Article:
Sudden Blizzard – Red-tailed Hawk
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36 1/2” x 59 1/2”, acrylic. 1985
This is a picture of a storm -- a sudden blizzard. I enjoy all kinds of weather, depending, of course, on my activity. Sunny skies are fine for a little while, then, I long for some clouds. I like fog and rain and even storms. An exhilarating thing to do is to go for a hike in a blizzard . . . properly attired, of course. You know then that you live in the real world where nature is in command. Too often in our society we have built impermeable screens between us and the planet earth. We live in climate-controlled apartments, offices and vehicles. We watch nature on television. I think that it is very important to keep in touch with the sights, sounds, smells and feeling of the real earth, even if it means some discomfort. In fact, pushing our senses a bit helps us to realize that we are truly alive.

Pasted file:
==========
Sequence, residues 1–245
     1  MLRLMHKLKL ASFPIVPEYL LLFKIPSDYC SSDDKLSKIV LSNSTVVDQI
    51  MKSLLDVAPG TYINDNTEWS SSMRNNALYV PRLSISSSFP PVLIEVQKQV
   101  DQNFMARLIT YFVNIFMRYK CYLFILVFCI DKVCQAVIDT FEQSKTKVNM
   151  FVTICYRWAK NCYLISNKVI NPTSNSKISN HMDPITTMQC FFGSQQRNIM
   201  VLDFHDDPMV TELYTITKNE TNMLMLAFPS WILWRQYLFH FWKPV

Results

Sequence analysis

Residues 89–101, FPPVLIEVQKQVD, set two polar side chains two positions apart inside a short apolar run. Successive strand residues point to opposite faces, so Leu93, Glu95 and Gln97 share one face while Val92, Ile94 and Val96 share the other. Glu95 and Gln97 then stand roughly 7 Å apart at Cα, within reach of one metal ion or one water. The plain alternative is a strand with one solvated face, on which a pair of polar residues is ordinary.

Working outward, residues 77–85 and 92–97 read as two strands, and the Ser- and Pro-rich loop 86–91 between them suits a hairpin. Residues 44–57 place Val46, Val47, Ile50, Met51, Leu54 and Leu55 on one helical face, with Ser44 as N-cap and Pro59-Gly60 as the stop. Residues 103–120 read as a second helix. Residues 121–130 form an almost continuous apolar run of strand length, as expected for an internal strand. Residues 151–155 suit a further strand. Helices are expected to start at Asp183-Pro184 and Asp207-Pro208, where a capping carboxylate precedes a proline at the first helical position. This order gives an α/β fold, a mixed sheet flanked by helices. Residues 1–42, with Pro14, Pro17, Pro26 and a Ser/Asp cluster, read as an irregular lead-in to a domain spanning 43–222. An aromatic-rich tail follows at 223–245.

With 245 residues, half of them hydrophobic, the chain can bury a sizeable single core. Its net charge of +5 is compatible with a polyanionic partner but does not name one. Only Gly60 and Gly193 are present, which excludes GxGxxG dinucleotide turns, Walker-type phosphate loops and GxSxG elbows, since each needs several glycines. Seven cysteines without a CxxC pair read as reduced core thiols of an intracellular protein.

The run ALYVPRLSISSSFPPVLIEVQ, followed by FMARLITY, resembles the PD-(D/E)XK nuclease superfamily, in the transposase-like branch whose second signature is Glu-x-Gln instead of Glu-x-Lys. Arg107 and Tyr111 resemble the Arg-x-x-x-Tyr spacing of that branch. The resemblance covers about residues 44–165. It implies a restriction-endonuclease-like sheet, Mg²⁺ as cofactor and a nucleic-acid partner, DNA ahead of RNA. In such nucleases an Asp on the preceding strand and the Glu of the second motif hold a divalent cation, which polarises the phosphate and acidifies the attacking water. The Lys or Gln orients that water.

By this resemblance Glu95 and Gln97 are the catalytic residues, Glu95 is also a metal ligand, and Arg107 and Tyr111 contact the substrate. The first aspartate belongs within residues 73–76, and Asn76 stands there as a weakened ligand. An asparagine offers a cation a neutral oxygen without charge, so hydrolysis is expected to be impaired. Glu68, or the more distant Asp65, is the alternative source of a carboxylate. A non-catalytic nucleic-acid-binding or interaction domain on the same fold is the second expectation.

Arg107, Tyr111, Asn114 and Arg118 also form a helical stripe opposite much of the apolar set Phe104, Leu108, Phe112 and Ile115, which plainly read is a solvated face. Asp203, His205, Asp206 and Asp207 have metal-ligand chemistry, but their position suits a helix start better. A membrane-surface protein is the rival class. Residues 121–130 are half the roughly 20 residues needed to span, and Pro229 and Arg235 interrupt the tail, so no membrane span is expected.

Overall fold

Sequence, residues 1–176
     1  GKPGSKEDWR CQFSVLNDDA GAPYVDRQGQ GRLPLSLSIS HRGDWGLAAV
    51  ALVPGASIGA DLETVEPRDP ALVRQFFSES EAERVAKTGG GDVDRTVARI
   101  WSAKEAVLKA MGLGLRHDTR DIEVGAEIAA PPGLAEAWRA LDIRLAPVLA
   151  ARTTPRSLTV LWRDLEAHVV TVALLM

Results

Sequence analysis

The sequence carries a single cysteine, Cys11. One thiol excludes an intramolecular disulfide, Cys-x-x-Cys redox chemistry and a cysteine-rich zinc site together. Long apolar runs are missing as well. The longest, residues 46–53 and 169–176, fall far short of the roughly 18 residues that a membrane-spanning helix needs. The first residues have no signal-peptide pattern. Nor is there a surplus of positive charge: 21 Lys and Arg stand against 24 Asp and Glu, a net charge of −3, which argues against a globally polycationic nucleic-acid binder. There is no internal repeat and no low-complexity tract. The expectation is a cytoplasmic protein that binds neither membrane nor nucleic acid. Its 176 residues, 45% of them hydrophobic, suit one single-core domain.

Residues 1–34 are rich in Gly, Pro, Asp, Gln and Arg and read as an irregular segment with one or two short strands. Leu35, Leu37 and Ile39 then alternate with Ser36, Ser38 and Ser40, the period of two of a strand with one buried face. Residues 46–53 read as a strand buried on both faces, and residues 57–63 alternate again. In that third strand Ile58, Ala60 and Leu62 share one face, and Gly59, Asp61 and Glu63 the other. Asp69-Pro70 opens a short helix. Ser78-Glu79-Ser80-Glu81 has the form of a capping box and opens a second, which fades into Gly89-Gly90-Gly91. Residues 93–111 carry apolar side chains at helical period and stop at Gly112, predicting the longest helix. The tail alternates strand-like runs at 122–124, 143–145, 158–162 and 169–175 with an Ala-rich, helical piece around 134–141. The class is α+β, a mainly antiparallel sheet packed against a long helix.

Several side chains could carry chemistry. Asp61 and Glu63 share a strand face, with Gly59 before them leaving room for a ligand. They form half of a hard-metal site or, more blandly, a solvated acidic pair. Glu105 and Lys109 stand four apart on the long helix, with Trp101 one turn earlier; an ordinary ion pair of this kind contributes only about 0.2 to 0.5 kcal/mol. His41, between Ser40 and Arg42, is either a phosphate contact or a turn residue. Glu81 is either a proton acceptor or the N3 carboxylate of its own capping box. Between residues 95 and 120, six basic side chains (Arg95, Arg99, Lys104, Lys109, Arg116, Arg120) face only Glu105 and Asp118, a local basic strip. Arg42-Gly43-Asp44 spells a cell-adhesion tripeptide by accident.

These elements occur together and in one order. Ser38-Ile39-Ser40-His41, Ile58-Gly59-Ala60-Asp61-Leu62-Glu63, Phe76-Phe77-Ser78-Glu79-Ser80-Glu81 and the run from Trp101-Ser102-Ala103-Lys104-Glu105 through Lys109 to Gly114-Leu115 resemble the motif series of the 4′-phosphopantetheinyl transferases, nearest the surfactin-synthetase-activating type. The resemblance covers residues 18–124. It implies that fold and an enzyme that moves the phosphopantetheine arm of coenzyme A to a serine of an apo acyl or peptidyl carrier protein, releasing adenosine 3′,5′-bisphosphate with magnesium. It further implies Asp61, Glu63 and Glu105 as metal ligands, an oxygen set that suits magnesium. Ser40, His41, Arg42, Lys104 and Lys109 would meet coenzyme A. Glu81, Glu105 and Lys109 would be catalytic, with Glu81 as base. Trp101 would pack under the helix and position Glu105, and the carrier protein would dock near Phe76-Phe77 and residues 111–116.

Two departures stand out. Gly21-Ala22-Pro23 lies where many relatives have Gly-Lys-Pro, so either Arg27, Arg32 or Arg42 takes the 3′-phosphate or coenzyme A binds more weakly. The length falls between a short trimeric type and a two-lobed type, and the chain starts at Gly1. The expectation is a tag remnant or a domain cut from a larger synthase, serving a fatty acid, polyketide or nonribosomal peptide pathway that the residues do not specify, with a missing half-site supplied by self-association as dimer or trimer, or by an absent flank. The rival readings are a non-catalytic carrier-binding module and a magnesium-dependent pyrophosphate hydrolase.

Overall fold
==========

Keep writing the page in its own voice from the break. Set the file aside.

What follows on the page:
I saw that a blizzard was starting one particular winter day, so I put on my parka and boots and headed out to experience it. It was one of those sudden squall line storms that accompanies a cold front and hits hard and fast. Very exciting! Big splats of snowflakes soon plastered my clothes and skin. I could hardly breathe, and when I did, I was breathing in snow. I hiked to my favourite pine tree which was also being plastered with the heavy, wet particles. The tree had already been sculptured by the prevailing northwest wind. It was full of dynamic rhythm, even on a still, windless day. Now the storms and the weight of the snow pushed it even further in the same direction. The lee side had not yet received the snow.

In this painting, I wanted to portray a storm rather than a bird or a tree. I wanted you to feel the pressure of the snow-laden atmosphere. Air is not ‘nothing’; it is a reality which can be physically very imposing. I tried the flying hawk in many places in the composition and found the most exciting place, just about to be blown out of the lower left. He made a mistake taking flight in such a storm. Perhaps he was caught by its suddenness on an exposed perch. He is in a lot of trouble but may be able to turn and beat his way upwind to the shelter of the lee side of the tree.